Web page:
Ayrshire Coastal Path: 2 – beaches, barriers and braying bovines

7.18 miles 3h 19m ascent 118m


Trudge: V. (intr) to walk laboriously, wearily or without spirit but steadily and persistently (Orig. obsc)

The Shorter Oxford English Dictionary

This word accompanied my thoughts as I walked, and re-appeared as I reflected on the day. I had assumed it to be a lexical blend of tread and drudge, but with each step on the beach I began to wonder if it might be onomatopoeic. The internet, with its limitless supply of unproven etymologies, suggested an origin in Scandinavian words, such as trudja, snowshoes, so perhaps I’m not the only one to associate crunch and trudge.

The weather had been lovely for several days but we arrived to grey skies, rain and blustery winds. On a better day we would have savoured the views and given the hedgerows the attention they deserved. We might not have been quite so put out by walking beside a main road and could have enjoyed our lunch in the open air.

Instead. We trudged.

The first hour after leaving Ballantrae was beach walking but which shouldn’t have been a surprise, Baile na Tràgha does mean “the town by the beach”. The rain was intermittent and light, the wind bracing, more than a breeze but not especially unpleasant. The dogs enjoyed their freedom and we humans enjoyed the views. The Mull of Kintyre and Arran were on the horizon when the rain cleared. Ailsa Craig, being much closer, was a constant companion.

Ailsa Craig, SG Ailsse Creag, the Fairy Rock, is only 9 miles offshore and visible all along the west coast of Ayrshire and Galloway. Knockdolian, the mischievous hill or False Craig is her less famous onshore twin, a tad less tall and mostly hidden by surrounding hills. But we were able to see both the Fairy Rock and her mimic from the beach at Ballantrae.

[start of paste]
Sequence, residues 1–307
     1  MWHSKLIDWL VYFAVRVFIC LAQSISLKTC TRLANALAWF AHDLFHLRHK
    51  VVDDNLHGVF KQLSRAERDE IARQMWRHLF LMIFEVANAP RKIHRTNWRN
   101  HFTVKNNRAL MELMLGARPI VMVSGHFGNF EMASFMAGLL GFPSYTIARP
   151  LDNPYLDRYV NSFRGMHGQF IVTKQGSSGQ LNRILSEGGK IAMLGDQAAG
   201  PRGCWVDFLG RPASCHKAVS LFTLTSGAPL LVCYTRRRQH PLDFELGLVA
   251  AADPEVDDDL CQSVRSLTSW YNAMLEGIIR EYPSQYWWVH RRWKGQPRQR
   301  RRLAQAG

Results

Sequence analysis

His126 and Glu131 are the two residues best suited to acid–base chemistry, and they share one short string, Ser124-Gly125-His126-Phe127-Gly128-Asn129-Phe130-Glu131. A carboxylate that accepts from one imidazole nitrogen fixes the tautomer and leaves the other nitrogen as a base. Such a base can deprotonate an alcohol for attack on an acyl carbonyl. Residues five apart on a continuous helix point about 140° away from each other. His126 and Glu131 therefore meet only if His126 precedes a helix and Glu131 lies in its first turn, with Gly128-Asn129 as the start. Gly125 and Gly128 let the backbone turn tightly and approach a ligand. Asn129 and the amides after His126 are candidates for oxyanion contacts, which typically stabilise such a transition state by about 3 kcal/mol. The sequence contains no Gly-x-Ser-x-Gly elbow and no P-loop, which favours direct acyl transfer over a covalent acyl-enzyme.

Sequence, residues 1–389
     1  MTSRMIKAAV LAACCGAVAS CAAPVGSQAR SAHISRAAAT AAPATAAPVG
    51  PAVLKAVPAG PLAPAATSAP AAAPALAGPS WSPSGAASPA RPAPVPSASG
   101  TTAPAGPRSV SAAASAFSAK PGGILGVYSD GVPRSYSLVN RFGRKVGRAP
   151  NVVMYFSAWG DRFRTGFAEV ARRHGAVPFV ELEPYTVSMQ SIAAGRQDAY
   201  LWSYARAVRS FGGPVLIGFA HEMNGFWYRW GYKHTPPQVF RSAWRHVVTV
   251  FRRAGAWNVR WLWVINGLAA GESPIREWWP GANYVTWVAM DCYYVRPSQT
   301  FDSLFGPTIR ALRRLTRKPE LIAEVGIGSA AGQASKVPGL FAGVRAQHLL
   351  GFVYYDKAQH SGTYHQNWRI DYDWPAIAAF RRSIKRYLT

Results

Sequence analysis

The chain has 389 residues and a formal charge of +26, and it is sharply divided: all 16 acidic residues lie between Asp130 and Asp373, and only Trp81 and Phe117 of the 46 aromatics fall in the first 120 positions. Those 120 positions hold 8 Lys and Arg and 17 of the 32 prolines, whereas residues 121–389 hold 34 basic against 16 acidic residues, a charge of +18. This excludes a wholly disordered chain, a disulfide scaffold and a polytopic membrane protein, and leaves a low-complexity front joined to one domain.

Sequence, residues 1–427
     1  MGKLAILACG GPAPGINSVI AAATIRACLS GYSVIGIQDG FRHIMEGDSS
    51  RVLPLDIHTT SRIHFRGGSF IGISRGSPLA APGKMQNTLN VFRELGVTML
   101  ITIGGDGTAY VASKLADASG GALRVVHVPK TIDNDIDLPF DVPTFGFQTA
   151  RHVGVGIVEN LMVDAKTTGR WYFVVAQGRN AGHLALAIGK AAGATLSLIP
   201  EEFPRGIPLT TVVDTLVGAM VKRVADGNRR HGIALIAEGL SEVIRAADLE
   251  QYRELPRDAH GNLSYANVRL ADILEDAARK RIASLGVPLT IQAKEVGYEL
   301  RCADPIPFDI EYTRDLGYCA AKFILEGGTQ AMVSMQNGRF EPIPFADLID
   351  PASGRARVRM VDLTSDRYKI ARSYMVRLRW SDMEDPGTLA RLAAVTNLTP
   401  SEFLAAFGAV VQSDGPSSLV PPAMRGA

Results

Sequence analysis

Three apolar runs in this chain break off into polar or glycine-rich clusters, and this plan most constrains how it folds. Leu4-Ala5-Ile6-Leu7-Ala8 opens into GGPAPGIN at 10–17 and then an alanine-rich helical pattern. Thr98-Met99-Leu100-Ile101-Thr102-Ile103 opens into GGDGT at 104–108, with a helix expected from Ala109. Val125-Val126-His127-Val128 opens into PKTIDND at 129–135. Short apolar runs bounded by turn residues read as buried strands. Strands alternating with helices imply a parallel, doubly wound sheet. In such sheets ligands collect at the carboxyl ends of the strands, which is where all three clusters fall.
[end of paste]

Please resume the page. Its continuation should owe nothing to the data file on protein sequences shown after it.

Knockdolian, Ailsa’s twin

The beach was pleasant but walking on sand takes more effort. I found the wet sand easier than pebbles and much easier than dry sand. This can apparently burn up to 2.7 times more calories. In places we were forced onto uneven rocks which is OK for a short stints but soon saps your energy, especially when they are slippery.

Ballantrae Beach

There is a windmill (‘rems of’ – according to the OS map) on Mill Hill above Ballantrae, but it has no vanes, so doesn’t look much like a windmill. In fact I thought the traffic cone we saw (in the photo below) was a more interesting find. Wild traffic cones have a colour scheme better suited to camouflage than their domesticated cousins which have been bred for visibility.

Wild traffic cone

Our walk brought us gradually closer to Bennane Head. You can just see the entrance to Snib’s Cave in the photo below. A hermit had lived there until 1983.

Snib Scott was the name Henry Ewing Torbet was known by while he was resident in Bennane Cave, where he lived for the last 30 years of his life (as he never gave his own name he apparently inherited the name from a previous, c. 1920 dweller in the cave). Born in Dundee and trained as an accountant, but at 33 and engaged to be married, he left his well paid job in a Dundee bank, severed all connections and took took to the road. He became a tramp and beggar. After several arrests in the 1940s and 50s for aggressive begging in Perth and Kirkcaldy and the assault on a shopkeeper (he threw a bag of flour and two bars of soap at the shopkeeper after being refused service when he did not have ration coupons), he disappeared for a while reappearing near Arrochar before moving to a derelict miner’s cottage at Waterside in Ayrshire.

For many years Snib was self sufficient. There were plenty of rabbits and left over potatoes. He combed the beaches and brought back driftwood for his fire and fish to cook on it. Instead of claiming state benefit, he gather bottles from the foreshore and exchanged them at the local shop for anything he needed. In summer, he lead an idyllic existence, often sleeping out under the stars, but winters could be especially cruel, with a south-westerly gale which made the cave almost uninhabitable. In fact this is what killed him. In December 1983, he was found in the cave suffering from pneumonia and hypothermia. He was taken to hospital but died two days later. 

Scottish Cave and Mine Database

Barbed wire, locked gates and livestock stood between us and the cave. So we stepped across Duhorn Burn and the more substantial Bennane Burn then climbed up to the old A77 and turned right. The ACP had originally turned left along the old road past Snib’s cave but now runs beside the new road. There are signs suggesting the old route might still be used but with warnings about livestock. I had also read reports of barbed-wire topped and locked gates at either end so we took the boring route. Dogs don’t mix well with barbed wire, locked gates and livestock in a limited space.

Snib’s cave